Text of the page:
Posted by: jeannineatkins | June 4, 2012

Writing from a Vulnerable Place … and Writers Camp

This summer, teachers and librarians who want to experience the joys, anxieties, and muddles that their students experience when writing can find inspiration and support through Teacher’s Write! A Virtual Summer Writing Camp begun by Kate Messner. I met Kate through blogging, so know first hand how the people we find on our computers can help develop our thinking and become friends.

Some who signed up mentioned being scared, and Kate responded with a great post about Writing and fear. I’m thinking about her words, and those of Jo Knowles who adds that we might as well have fun here. She offers a great kitchen-centered prompt as one way to begin, which is usually the hardest part. Here I’m adding  thoughts that theirs stirred in me.

Teachers have to look smart and responsible so much of the time, which may not be the best pose to take when writing, which, when it’s flowing, can ruffle us up. We’re going to look ridiculous and leave messes. And should remember that this is good. When we feel our bellies tighten, it’s a sign to keep going, not stop.  Our eyes may mist, and we can take out a tissue, but it’s fine to let tears flow. Of course writing doesn’t have to be emotional, but it may be, especially if you touch on a story that feels as if it’s been sitting inside you too long. Maybe you’ll just be funny, or write a silly poem, or an adventure taking place on another planet. Still, you’re going to be faced with challenges. If you’re like me, little comes out right at first, which means you’re going to have to move through more frustrations than we do when writing papers, evaluations, or letters home. Then we want to sound like an authority of some kind. But as creative writers, we want to connect more than instruct, and we may do that most when writing from places we don’t necessarily show when we’re wearing good clothes and loud shoes. Those who are used to being the people who others come to for answers, can find it tough to say, “I’m sorry, I don’t know.”

But it’s a beautiful place to begin.



  1. Jeannine, so true. At my school, one question we ask in interviews is how do you feel about telling students you don’t know something, then working “with” them to find out? It’s a challenge for most adults to admit things aren’t going so well. Thank you for your good advice.

  2. That’s a great question that speaks so well for your school. I was thinking this must be different than when I was teaching, for now many answers to what I didn’t know then, and don’t know now, can be found by students typing in words on their phones. But of course the big questions can’t be answered by google.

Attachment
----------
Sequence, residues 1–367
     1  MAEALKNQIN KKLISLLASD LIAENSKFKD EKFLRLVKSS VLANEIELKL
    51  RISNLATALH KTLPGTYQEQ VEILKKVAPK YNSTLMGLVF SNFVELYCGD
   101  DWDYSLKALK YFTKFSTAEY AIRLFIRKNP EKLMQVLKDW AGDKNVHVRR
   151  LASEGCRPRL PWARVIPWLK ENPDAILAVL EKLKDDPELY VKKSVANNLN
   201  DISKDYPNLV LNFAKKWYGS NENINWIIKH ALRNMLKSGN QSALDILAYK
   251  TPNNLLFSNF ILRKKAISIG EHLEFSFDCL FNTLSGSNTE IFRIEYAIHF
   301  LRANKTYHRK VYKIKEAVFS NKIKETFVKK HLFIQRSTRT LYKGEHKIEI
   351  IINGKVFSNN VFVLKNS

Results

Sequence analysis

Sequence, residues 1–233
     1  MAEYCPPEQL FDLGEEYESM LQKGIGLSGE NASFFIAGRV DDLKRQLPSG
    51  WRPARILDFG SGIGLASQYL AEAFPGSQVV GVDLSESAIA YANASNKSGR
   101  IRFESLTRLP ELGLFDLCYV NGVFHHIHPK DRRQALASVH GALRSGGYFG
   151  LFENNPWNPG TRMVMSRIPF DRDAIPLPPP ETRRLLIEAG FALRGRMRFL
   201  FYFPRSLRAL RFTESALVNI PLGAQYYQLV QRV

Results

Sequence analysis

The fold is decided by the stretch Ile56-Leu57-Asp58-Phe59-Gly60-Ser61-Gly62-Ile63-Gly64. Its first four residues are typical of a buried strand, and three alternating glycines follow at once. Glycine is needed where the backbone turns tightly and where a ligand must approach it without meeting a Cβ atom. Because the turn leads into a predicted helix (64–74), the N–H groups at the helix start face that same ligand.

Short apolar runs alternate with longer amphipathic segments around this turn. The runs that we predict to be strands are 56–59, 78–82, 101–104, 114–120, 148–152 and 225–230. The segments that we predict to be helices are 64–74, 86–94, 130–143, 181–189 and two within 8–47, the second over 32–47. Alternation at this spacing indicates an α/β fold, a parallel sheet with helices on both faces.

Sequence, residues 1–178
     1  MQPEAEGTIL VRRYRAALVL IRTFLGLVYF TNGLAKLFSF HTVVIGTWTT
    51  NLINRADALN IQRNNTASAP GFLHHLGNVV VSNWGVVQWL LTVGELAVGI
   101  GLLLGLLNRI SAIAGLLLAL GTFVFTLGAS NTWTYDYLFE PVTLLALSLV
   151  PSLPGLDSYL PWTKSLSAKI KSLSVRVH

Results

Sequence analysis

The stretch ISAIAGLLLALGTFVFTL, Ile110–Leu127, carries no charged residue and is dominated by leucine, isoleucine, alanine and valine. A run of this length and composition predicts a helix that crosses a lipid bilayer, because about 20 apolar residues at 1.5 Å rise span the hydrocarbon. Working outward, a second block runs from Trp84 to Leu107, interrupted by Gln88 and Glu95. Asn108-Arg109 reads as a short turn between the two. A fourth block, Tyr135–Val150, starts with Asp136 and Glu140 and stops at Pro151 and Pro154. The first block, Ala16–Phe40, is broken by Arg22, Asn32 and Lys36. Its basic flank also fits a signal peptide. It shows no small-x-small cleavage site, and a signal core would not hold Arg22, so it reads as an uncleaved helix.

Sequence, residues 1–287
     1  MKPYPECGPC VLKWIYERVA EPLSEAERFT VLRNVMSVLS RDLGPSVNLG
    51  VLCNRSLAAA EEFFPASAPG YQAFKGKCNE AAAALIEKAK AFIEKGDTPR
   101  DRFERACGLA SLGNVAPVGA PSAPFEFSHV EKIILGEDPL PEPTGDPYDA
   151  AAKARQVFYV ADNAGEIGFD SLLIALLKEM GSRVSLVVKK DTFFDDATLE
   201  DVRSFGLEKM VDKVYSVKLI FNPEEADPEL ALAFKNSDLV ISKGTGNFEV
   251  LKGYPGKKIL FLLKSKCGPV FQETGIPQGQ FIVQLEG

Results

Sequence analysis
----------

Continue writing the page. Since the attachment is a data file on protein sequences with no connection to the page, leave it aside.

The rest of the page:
3. And just think what one is missing by not admitting one doesn’t know? A chance to form a better relationship & to teach something else perhaps.

    • I agree. Some of the important, memorable, and close moments of my life have been when someone admitted to not knowing or having made a mistake. Much better than: this is my point and I’m sticking to it!

  4. Two things:
    1. Saying “I don’t know” to students gets easier over time, especially as one earns a reputation as a credible and helpful teacher. “I don’t know; I’ll get back to you with an answer ASAP” actually contributes to one’s acquired ethos.
    2. You touch on something so important to my own writing phobias. It’s not writing that scares me. It’s the “dark place” I find myself entering when composing something “creative” in the traditional sense. Today while writing in response to Jo Knowles’s prompt, I cried a littel. This happens with both humor and anquished prose. It occured to me that I experience something similar to what a method actor does using the Stanislovsky method. I haven’t gone to the scary place in a long time as I don’t like it much. I like being happy. So, is there a writing method one can practice that detaches one from the dark recesses of one’s mind?

    • Glenda, that makes sense about the “I don’t know.” And what an important question about the dark places. It’s a long answer, so I’m going to write it as a blog post today. Sadly, I think you for the answer may be that there’s not a method that keeps you from the dark recesses. What you may have to remember is that they’re there, but you have the power to leave them. The tears may come, but you may feel better for having them come, then drying them, than you would in trying to keep away from that part of your mind. You sound smart and brave and good-hearted, and I hope you’ll reach out again if you feel you need some help with this. I truly wish I could give you a happier answer. Maybe someone else can.

  5. “We’re going to look ridiculous and leave messes. And should remember that this is good. ”

    Thank you for reminding me to give myself permission to write a whole bunch of junk in order to get the few crystals that I’m looking for…hoping for…know I will will find eventually.

    • Mary Lee, I am lavish with permission slips on this particular question, so please consider this message a stash to keep beside you. I am stacking up a heap of junk today and through the summer, and have faith we’ll both find crystals, or as Virginia Woolf wrote, “the diamonds in the dust heap.”

  6. Oh, lord – connect rather than instruct! You said it, girl!

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